I have been reading a fair bit on OpenSSL vulnerabilities and the various SSL protocols' strengths. As far as I understand it any protocols older than TLS 1.0 are to be avoided at all cost (some would argue that TLS 1.0 should be avoided too since it's only an "upgrade" from SSL 3.0). I also understand that this is due to weaknesses in the protocol and that this would affect any implementation.

To be able to make use of TLS 1.1 and newer protocols, you have to upgrade OpenSSL to at least the 1.0.1 suite. It seems that lately, the security community has done some amazing work in picking holes in the newer implementation of OpenSSL. It looks like every 2-3 months a new vulnerability is discovered and patched.

The way I see there are 3 options:

  • either you stay with a weak protocol but a fairly stable software implementation
  • or you upgrade to a less stable software (OpenSSL) implementation and risk that the protocols are not implemented correctly
  • or you look at different software other than OpenSSL and risk more implementation holes

What do people think of that assessment?

I guess what I'm asking is what is the least bad of the two evils?

1 Answer 1


If I understood correctly, you think that older versions of OpenSSL are more secure than to newer ones. This is simply not true.

Since the Heartbleed vulnerability the project got a lot of attention and that results in a larger number of discoveries / fixes, but those are present in older version as you can see.

All versions of the TLS protocol is vulnerable to the so-called Padding oracle attack, because it uses the MAC-then-Encrypt scheme. Newer TLS versions generally make a lot harder to exploit this vulnerability. The fix to this problem was introduced with TLS 1.2 as new ciphersuites that use authenticated encryption (AES-GCM). Using these cipher suits makes the exploitation of the padding oracle attack practically impossible. This issue is well-understood among experts so TLS 1.3 will remove support for all ciphersuites that doesn't use authenticated encryption. Because of this some experts even say that any TLS solution without AES-GCM support is broken. The important thing is that using TLS 1.2 is not enough, you also have to use an AES-GCM ciphersuite.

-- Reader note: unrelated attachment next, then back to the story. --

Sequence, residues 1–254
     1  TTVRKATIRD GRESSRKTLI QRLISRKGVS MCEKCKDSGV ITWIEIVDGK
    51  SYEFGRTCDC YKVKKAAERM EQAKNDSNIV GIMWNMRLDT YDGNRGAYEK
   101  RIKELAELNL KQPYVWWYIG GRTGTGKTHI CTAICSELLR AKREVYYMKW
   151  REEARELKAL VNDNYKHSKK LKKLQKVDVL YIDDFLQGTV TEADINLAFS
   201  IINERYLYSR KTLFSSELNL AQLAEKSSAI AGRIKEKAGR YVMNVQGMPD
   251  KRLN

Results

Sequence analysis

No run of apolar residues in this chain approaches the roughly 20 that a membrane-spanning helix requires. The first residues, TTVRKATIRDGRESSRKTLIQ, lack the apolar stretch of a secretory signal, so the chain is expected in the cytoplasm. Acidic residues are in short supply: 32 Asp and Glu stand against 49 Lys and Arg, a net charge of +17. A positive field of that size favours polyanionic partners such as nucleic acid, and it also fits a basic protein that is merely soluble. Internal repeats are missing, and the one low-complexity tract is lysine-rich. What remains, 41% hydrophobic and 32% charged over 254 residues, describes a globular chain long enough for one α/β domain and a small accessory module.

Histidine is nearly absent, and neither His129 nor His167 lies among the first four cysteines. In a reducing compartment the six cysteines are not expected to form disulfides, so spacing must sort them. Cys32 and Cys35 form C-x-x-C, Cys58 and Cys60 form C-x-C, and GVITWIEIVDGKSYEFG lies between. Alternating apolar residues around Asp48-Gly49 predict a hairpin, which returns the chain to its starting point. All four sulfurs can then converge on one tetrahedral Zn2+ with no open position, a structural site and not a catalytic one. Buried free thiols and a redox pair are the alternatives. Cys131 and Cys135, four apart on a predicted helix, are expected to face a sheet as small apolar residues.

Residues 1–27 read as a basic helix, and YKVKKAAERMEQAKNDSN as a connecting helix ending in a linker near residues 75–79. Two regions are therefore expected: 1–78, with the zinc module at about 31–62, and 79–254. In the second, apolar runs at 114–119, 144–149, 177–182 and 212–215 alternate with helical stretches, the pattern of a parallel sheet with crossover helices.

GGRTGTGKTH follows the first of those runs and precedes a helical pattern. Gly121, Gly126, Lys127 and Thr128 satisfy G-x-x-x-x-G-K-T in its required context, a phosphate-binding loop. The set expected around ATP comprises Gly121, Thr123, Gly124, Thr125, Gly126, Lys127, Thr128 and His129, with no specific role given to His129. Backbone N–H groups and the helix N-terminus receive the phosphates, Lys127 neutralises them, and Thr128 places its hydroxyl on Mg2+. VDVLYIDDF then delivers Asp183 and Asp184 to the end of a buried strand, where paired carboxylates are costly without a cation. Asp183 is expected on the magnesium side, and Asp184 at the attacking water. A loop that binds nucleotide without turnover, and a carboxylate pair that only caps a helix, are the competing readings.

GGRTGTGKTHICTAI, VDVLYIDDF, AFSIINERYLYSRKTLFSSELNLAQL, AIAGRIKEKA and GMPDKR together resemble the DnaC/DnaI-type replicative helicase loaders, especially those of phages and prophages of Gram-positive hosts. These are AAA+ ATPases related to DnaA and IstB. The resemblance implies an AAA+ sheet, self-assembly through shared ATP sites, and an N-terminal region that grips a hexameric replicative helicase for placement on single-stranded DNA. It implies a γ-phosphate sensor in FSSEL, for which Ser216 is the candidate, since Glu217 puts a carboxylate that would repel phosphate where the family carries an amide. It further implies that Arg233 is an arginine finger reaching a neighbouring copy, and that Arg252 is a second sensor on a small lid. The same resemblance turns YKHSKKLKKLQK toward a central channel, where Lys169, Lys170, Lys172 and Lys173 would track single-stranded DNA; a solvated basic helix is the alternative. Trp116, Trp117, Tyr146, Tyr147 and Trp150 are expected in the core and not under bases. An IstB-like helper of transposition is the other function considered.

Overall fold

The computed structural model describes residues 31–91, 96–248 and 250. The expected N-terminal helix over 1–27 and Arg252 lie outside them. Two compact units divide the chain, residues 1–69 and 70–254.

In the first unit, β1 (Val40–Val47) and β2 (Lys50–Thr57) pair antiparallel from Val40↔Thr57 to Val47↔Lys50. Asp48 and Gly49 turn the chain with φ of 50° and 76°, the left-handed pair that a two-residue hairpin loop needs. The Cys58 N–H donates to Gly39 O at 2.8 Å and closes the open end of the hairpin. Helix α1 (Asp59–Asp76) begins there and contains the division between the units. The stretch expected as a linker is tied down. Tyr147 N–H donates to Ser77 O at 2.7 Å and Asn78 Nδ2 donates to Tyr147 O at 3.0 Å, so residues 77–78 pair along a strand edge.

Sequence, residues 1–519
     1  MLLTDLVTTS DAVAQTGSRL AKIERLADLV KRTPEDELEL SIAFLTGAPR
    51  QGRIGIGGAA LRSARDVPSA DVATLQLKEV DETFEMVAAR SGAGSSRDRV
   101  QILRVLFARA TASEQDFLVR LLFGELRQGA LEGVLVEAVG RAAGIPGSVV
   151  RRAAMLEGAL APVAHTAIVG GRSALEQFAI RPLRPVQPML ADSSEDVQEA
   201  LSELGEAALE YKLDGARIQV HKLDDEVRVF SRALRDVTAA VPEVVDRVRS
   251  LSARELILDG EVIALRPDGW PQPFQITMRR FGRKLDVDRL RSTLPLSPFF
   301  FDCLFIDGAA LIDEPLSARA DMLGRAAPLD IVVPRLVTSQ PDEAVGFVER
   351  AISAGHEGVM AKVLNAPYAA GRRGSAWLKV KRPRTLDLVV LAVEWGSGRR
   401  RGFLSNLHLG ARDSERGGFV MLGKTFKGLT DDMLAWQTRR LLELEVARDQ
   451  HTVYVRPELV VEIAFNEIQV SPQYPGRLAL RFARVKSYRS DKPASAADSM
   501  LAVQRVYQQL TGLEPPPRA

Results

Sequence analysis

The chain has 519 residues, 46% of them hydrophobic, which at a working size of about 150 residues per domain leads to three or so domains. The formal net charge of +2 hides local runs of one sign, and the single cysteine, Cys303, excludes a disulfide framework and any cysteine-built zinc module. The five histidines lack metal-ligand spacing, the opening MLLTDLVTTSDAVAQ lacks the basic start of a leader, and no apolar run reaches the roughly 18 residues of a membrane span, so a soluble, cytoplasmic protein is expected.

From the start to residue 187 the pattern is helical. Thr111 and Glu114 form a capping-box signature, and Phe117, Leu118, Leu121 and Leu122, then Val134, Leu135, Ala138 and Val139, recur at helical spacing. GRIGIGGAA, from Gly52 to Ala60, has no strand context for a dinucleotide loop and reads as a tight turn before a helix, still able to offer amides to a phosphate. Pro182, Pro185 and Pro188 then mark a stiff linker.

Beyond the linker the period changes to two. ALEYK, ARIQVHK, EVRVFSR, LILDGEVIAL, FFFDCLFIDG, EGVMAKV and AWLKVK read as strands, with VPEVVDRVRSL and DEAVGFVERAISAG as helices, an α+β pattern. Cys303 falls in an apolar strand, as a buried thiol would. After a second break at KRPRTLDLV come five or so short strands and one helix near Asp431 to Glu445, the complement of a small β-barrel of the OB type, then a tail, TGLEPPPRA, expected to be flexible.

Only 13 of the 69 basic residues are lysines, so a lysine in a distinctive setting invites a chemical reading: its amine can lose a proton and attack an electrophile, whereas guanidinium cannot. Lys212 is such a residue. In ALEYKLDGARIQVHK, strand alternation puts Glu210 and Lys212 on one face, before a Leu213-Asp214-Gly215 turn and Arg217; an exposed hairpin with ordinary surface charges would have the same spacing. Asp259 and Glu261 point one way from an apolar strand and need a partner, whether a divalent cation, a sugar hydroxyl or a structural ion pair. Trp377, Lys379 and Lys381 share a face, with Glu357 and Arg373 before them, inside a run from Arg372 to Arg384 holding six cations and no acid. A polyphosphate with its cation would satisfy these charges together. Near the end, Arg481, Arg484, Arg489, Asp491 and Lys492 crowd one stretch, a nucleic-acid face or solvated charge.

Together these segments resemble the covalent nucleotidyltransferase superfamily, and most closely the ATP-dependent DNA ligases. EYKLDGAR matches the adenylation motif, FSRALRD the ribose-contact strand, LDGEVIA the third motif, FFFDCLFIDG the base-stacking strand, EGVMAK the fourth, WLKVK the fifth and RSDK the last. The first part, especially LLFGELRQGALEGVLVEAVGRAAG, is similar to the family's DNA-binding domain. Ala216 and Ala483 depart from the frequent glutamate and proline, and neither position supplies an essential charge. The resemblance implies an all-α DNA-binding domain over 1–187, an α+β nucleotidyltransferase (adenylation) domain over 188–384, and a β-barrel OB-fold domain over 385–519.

All in all, my advice is to use the latest available OpenSSL with modern ciphersuites and update often.

  • Don't forgot the Diffie-Hellman algorithms... They are a must too.
    – Freedo
    Commented Jul 8, 2015 at 13:34
  • 1
    Yes, forward secrecy is extremely important too. However, the question was more about differences in protocol versions - even TLSv1 supports DH.
    – KovBal
    Commented Jul 8, 2015 at 13:53
  • Do TLS 1.0 implement DH with sufficiently enough bits to be secure ? I don't know either
    – Freedo
    Commented Jul 8, 2015 at 15:13
  • DH groups (hence number of bits) are independent from TLS versions as far as I know.
    – KovBal
    Commented Jul 9, 2015 at 7:40
  • Hey @KovBal thanks for the answer, and I completely get your point. From the outside it looks like two evils, but it is good that OpenSSL is being scrutinised and patched.
    – rafrafUk
    Commented Jul 9, 2015 at 17:46

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